On Monday, September 26th, 2016 at Hofstra University in Hempstead, New York, Republican nominee Donald Trump and Democratic nominee Hillary Clinton, faced each other in the first of three presidential debates to help decide who will be the 45th President of the United States of America. A week prior to the debate, moderator Lester Holt released the three main topics of the debate to the nominees. The topics included America’s direction, achieving prosperity, and securing America.
In following this theme, the first series of questions mostly focused on jobs and the economy. More specifically, Holt asked both candidates how they would increase the amount of jobs and money that are going to Americans. Trump answered with his plan to bring back companies that have moved overseas in pursuit of cheaper labor and his proposal of tax cuts for wealthy Americans. In contrast to this, Clinton answered with her plan to create more jobs in renewable energy in an effort to aid the fight for our environment and with a proposal to increase taxes for the wealthiest Americans. Trump did not seem to have a clear explanation for exactly how he would get businesses to return to America, but he did explain how cutting taxes and restrictions for wealthy American business owners would allow them to expand their companies and create jobs through their expansion. Clinton however, believes that increasing taxes for wealthy Americans will increase the flow of money to the middle class which has suffered greatly in Clinton’s opinion in recent times.
The second set of questions then shifted the focus of the debate to the points of contention that have been met with both candidates. More specifically, Trump was asked to explain why he has not released his tax returns while Clinton was then asked to respond to Trump regarding his comments on her deleted emails. It was at this point in the debate when blows began to be exchanged between both candidates in an effort to defend their own character and attack the character of their opponent. Trump responded to the dark cloud shrouding his tax return by stating that he would release it after the audit was completed. However, Holt then noted that the IRS allows the release of a tax return regardless of an audit. Trump did not have too much left in the form of a defense against this claim aside from shifting the focus from his debacle to that of Hilary’s. Hilary then admitted that the way she dealt with the email conundrum was a mistake and that she takes full responsibility for it. The climax of this series of questioning came when Trump claimed that he would release his tax return when Clinton releases her deleted emails. Predictably, this roused a response from the Trump side of the auditorium, which had mostly remained quiet until this blatant challenge offered to his opponent.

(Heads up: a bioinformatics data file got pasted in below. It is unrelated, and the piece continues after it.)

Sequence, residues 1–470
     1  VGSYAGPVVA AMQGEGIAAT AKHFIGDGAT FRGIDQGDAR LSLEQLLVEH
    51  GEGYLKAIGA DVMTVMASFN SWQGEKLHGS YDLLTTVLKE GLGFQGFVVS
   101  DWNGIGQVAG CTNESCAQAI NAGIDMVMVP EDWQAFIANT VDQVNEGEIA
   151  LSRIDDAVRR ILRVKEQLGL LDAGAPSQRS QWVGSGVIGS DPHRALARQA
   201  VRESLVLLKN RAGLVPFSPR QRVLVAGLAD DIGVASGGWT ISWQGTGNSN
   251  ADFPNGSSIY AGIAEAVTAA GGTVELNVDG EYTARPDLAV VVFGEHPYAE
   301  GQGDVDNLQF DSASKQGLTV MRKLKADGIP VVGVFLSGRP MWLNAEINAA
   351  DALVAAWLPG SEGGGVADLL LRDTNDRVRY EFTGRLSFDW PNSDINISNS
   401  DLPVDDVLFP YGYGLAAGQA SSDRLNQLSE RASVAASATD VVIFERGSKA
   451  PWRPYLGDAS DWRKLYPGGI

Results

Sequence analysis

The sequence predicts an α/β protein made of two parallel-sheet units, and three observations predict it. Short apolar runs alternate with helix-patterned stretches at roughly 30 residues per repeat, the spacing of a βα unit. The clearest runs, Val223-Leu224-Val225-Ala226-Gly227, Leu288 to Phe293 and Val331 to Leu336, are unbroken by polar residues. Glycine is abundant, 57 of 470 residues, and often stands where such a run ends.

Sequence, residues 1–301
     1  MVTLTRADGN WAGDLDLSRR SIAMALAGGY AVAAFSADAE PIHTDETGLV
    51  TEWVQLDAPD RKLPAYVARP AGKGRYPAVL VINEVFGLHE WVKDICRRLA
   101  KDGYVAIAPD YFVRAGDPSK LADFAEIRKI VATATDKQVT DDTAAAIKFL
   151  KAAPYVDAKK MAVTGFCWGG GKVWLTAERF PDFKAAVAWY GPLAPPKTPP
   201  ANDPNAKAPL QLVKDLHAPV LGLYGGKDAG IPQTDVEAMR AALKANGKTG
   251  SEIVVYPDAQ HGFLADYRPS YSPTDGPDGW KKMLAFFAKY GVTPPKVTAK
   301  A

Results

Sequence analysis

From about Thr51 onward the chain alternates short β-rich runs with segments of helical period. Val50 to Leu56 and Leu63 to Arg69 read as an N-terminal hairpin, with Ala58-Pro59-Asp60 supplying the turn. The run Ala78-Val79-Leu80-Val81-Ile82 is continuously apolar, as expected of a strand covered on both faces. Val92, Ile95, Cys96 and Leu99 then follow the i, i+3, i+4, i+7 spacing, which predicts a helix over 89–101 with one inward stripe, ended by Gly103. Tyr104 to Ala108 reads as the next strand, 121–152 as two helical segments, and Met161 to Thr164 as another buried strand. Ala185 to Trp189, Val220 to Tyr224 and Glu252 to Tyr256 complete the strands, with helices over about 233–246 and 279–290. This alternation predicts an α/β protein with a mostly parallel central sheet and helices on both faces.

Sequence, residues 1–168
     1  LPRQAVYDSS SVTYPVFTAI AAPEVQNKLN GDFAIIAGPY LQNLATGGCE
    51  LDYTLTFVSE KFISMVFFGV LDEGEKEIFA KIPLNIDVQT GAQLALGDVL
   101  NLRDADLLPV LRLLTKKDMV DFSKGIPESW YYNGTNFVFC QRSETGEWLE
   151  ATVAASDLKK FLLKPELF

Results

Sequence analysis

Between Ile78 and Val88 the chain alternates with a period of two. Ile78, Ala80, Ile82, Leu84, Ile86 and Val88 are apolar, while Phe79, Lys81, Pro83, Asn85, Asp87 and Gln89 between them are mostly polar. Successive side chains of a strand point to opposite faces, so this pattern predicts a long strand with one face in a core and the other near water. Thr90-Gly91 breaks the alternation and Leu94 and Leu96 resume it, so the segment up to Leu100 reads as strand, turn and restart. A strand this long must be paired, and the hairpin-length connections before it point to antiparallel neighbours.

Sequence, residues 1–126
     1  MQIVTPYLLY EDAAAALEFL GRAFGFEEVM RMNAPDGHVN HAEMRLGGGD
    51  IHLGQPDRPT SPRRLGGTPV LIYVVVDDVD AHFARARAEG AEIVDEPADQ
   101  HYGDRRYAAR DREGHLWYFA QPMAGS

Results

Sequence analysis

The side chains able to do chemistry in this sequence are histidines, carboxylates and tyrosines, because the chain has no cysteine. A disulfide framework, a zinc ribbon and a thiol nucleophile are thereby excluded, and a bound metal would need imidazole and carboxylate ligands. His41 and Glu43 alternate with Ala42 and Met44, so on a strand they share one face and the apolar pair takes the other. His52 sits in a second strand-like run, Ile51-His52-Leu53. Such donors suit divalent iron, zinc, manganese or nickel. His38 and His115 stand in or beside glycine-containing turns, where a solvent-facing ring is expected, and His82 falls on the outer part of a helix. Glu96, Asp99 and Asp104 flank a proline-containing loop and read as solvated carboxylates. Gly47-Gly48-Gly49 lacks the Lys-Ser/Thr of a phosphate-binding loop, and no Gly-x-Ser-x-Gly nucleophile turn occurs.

The third series of questioning raised the extremely touchy topic of race relations in America. There is a clear racial divide that has been widened in recent times, especially in regards to law enforcement and African Americans. Clinton was asked to explain how she plans on bridging this gap, which she then responded with her plan to put more money into re-training police officers and reducing the prejudice that comes with racial profiling. Trump then raised the prospect of bringing back stop and frisk, which he argued played a significant role in reducing crime in New York City during Rudy Giuliani’s tenure as mayor. Clinton then hit back, claiming that stop and frisk was ruled unconstitutional and only served to increase racial profiling. Holt ended the segment by asking Trump how he came to accept that Barack Obama was in fact born in the United States after vehemently insisting that he was not for five years prior. Trump simply stated that he accepted the fact after seeing Obama’s birth certificate which Holt then responded with the fact that the certificate was produced in 2011.
The final important series of questioning revolved around the substantial obligation to secure America. Cyber attacks, IS attacks, and the issue of the war in Iraq were all brought to the surface for each candidate to individually dissect. Clinton and Trump both believe that action should be taken to increase defensive measures against both cyber and Isis threats, but they did butt heads on the issue of the war in Iraq. Trump attacked Hillary and Obama over what he believed to be their premature decision to withdraw troops. He believes that this decision ultimately allowed Isis to organize in first place.
Holt closed the debate with a question regarding mutual acceptance over the decision of America’s voters. Both Donald Trump and Hillary Clinton claimed that they would accept whatever decision was made by the American people, but the feeling is that it’s far from being that simple. There was an inescapable feeling that there is genuine animosity between both candidates as evidenced by the jabs that were inevitably thrown during each point of contention. Trump may be forthright in the way that he criticizes his fellow candidate, but Clinton can be just as jarring in the more subtle warfare that she engages in. Although Donald Trump’s mantra throughout his campaign has been “Let’s Make America Great Again,” Americans can only hope that whoever is elected can make America proud again.